The materials used in nest construction give us clues about the nest builder. Orioles weave their hanging nests out of fibers stripped from the dead stalks of last year’s milkweed plants. Red-wing blackbirds build their nests out of sedges, rushes, and grasses, using milkweed fibers to bind them to cattails. Robins line their nests with mud that the female molds to the shape of her body like a potter smoothing out a bowl. Red-eyed vireos decorate their nests with curls of birch bark or paper from hornets’ nests. The ruby-throated hummingbird shingles its nest with bits of greenish-gray lichen. Chimney swifts break off twigs with their feet while on the wing and build delicate shelf-like nests using their sticky saliva for glue. Their Asian cousins, the swiftlets, build nests entirely with their bubbly saliva – a delicacy collected for birds’ nest soup.
Some birds include surprising items in their nests. The great-crested flycatcher usually places a snake skin in its cavity nest but may instead include a strip of plastic. Many species may use colorful yarn, string, or twine found during nest building. House wren nests usually include a variety of natural materials such as hair, wool, spider egg-cases, strips of bark, moss, and feathers, but some have been found to contain hairpins, nails, tacks, staples, hooks, and rusted pieces of wire!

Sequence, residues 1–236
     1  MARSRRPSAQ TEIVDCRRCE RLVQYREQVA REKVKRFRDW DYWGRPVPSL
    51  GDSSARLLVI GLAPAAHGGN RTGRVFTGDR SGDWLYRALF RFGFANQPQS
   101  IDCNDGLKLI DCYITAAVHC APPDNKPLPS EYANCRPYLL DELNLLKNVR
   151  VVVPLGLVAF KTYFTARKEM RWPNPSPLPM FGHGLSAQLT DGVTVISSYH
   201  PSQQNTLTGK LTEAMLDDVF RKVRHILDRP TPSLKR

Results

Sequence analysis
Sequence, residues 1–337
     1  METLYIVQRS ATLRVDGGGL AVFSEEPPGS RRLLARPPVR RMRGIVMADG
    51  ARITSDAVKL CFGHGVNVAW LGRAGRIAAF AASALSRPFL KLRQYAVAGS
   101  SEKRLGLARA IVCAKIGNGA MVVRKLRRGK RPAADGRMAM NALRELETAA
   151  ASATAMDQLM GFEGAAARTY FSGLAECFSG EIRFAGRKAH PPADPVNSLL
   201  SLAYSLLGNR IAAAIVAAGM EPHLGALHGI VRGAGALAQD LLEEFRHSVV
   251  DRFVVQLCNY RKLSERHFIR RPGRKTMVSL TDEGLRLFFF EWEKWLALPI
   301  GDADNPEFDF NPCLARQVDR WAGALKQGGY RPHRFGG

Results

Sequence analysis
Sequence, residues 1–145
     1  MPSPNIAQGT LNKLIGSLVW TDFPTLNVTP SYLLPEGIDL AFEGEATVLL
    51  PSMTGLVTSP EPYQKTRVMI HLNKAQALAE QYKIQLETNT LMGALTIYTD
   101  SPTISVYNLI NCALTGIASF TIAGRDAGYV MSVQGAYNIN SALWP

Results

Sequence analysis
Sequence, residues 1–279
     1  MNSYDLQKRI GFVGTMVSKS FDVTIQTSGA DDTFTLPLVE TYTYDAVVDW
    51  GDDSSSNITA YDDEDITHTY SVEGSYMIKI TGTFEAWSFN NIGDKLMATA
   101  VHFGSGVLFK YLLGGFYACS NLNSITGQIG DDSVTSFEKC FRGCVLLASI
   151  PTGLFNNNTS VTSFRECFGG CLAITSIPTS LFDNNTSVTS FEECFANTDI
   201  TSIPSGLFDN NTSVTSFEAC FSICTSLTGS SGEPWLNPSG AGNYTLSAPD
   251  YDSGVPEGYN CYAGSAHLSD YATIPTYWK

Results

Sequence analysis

An obvious choice for a soft lining that is warm and insulating is, of course, feathers. In some birds, like mallard ducks and great horned owls, the female will pull feathers from her own breast and use them to line her nest. The expression “feathering one’s nest,” meaning to enrich oneself, probably comes instead from songbirds like swallows and house finches that collect other birds’ feathers for lining their nests.
The process of building nests and rearing young can have many variations. In many songbird species, the female builds the nest alone. The bluebird female gathers nest material while the male stands guard on a fencepost or fights off competitors like tree swallows, which may attempt to usurp the nest cavity. With other species, such as in some swallows and waxwings, male and female work together. In the house wren, the male claims and defends several nest cavities, building a basic nest in each. The female inspects and selects one of these for her use or rejects them all and starts anew. Nest building generally takes a few days to a week. After that, females will usually lay an egg each day until the clutch is complete and then begin incubating. In this way, all the eggs will be ready to hatch at the same time.
The nests of birds, tucked away in nooks and crannies, serve to cradle and conceal both eggs and young. They are the visible results of complex innate behaviors that are critically important to the birds’ success in raising young. Comparing nests from different species of birds allows us to notice similarities in form and function as well as differences in location, material, and design.
Dunning, Joan. Secrets of the Nest. Boston: Houghton Mifflin, 1994.
Ehrich, Paul R., David S. Dobkin, and Darryl Wheye. The Birder’s Handbook: A Field Guide to the Natural History of North American Birds. New York: Simon and Schuster, 1988.
Harrison, Hal H. A Field Guide to Birds’ Nests. Peterson Field Guide Series. Boston: Houghton Mifflin, 1975.
Stokes, Donald W. and Lillian Q. Stokes. A Guide to Bird Behavior, vol. I-III. Boston: Little, Brown, 1983.
Cornell Laboratory of Ornithology website: www.birds.cornell.edu/AllAboutBirds/BirdGuide.